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Having done Struts (with springs) on both my Civic and Del Sol, just be sure you get the orientation correct, so the spring "seats" properly, additionally it may be worth removing them and finding a shop with a strut compressor, back east a family member got it done at the same shop which turns his rotors for like $80 for all 4 struts on his Accord

YMMV
 

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Okay, here's the write up to replace the rear springs. After placing on jackstand and removing wheel, the Pilot service manual says to compress lower spring arm with jack and then remove bolt holding bottom of shock. This caused me to strip the bolt taking it out because of the downward pressure of the spring on the bolt.

My suggestion is to compress lower arm and then remove the two bolts on either end of the arm first, release jack slowly and then remove the shock bolt last with no pressure on it (see first pic). All 3 bolts have to be removed in order to remove the shock/coil (the outer end of the arm is notched and sits on top of the brake caliper).

Next, remove the 3 bolts holding the top of the shock and remove the shock/coil and clamp bottom of shock in vise. 2nd pic shows how the rubber ring that sits on top of the spring has 3 markings which will help you orient the spring relative to top mount.

3rd pic shows the setup to remove the coil from the shock. You must first compress the spring to take the pressure off the top mount (I got mine from Harbor Freight 25 years ago for $15 or so. They've actually held up well, probably removed half a dozen sets of springs over the years).

After spring is compressed, use a wrench and 6mm hex to remove nut (6mm hex keeps shock shaft from rotating). Swap out springs making sure bottom of spring is up against the stop on the shock. Then orient the top rubber cap correctly (the old spring will leave an impression in the rubber showing you where it sits on the spring. Then install the top mount using the 3 marks to orient it correctly.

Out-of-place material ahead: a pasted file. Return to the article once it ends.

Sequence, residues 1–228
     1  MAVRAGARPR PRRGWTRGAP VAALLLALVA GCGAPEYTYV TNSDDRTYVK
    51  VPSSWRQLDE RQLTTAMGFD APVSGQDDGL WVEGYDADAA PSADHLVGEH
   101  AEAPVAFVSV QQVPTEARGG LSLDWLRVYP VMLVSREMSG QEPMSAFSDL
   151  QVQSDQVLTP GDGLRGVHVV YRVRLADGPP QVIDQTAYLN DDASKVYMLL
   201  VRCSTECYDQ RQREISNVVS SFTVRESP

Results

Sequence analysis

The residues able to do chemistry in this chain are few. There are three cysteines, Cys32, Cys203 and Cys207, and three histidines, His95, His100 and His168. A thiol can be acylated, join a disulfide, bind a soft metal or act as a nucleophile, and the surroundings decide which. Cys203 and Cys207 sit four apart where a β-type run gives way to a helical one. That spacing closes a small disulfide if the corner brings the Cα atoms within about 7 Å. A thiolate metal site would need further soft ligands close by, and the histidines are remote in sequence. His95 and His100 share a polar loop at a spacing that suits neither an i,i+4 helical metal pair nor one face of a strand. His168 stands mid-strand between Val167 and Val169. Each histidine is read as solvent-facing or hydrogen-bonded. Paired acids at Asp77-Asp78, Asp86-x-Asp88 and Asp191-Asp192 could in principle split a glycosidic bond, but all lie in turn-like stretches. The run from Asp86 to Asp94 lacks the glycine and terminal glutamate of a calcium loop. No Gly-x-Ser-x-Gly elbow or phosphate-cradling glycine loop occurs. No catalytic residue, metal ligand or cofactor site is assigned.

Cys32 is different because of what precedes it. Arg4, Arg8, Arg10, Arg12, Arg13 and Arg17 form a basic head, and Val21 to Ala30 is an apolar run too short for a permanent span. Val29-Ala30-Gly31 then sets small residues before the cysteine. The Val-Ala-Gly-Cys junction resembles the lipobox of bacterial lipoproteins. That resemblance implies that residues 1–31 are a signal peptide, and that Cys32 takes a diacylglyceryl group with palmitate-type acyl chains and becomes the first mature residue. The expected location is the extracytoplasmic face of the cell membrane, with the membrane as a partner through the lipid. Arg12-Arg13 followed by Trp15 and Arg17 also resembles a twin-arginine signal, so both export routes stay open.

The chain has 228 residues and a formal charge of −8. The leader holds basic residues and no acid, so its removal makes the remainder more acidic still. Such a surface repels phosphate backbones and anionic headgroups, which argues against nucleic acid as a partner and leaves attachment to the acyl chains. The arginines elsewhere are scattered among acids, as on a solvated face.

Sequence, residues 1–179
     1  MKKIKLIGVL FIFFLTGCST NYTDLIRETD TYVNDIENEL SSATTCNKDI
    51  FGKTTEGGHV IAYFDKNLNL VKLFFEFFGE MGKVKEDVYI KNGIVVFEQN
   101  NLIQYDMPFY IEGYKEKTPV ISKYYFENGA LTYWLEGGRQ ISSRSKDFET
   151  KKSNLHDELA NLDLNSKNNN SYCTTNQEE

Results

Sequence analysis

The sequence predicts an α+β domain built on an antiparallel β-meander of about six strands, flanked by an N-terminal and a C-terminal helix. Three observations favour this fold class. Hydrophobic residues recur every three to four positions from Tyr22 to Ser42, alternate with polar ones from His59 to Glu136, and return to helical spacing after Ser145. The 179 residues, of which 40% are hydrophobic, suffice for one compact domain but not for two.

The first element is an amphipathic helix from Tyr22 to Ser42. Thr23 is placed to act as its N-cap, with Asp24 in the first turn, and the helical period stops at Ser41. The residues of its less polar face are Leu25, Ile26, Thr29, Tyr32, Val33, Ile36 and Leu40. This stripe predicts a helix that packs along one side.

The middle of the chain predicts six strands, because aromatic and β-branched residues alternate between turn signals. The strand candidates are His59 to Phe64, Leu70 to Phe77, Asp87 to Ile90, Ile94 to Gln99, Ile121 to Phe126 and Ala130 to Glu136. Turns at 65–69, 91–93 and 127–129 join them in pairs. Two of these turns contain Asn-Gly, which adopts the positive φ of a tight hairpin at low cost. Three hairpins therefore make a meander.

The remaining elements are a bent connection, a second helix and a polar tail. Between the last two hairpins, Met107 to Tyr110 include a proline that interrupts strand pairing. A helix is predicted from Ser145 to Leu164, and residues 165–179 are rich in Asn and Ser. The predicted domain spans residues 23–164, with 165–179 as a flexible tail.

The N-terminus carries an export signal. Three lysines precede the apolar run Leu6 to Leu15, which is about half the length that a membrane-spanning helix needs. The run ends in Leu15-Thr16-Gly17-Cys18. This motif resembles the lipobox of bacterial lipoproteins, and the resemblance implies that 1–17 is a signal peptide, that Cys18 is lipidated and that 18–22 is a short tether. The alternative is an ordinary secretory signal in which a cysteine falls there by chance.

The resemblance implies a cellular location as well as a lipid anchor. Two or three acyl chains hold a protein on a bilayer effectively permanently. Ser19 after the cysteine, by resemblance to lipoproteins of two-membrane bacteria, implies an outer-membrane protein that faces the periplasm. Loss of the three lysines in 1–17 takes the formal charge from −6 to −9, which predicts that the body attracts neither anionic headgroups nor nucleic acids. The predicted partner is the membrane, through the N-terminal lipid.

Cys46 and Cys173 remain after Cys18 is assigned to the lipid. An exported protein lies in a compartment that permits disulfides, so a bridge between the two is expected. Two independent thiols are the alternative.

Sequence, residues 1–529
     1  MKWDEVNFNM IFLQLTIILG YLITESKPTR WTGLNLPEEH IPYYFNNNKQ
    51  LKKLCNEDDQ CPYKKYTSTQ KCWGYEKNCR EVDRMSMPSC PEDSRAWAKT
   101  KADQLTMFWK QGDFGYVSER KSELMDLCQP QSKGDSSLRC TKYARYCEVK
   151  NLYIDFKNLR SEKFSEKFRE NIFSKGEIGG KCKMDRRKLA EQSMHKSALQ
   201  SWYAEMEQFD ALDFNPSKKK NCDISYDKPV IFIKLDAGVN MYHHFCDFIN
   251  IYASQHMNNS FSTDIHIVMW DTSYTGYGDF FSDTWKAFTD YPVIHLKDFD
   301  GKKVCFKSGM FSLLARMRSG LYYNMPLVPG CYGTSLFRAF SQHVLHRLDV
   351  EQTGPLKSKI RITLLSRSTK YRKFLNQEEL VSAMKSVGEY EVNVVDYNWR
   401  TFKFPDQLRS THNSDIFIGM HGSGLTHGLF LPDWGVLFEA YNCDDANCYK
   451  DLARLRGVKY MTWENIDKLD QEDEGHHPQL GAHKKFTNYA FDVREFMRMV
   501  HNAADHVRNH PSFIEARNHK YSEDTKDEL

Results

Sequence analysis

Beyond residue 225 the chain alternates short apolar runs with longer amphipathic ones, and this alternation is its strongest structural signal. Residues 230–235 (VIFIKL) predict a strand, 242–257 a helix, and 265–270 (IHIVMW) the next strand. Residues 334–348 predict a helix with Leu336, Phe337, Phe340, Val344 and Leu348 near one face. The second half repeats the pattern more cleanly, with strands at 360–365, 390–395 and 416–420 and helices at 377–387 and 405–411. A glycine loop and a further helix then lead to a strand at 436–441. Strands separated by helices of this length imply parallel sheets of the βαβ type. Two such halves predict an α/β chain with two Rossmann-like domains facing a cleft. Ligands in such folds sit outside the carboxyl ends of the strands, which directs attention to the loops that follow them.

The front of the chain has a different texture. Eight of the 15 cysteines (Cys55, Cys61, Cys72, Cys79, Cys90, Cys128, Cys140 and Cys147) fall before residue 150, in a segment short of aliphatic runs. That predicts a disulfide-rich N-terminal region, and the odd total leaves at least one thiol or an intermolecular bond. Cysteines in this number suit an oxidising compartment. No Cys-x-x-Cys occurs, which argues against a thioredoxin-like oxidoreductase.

You will need to compress the new spring so you can install the nut. I didn't try and torque it due to the hex wrench needed to keep the shaft from rotating was in the way, I just snugged it down as tightly as possible. Then reverse the process to install. I purchased all new bolts and nuts. The 3 Upper bolts are 40 ft. Lb. The 2 outer bolts on the lower arm (be careful not to mix up, each one is different length) are 74 ft. Lb. The shock bolt is 132 ft. Lb.

The sequence is as follows. After top bolts are installed loosely, install lower arm shock bolt first (loosely). Next, install outer bolt that holds arm to brake caliper. Then, take jack and compress arm into position and line up inner hole that holds arm to truck (you will probably need to take alignment tool and put in hole to muscle into alignment. Then install inner bolt.

Compress and release spring a couple times to make sure everything is in alignment and then torque the 3 top bolts first followed by the 3 bolts in the lower arm (the top mounting bolts have some adjustment, you'll see the impression of the bolts heads so they can go back in exact same position). You're done! Install wheel to 94 ft. lb. and go enjoy your truck.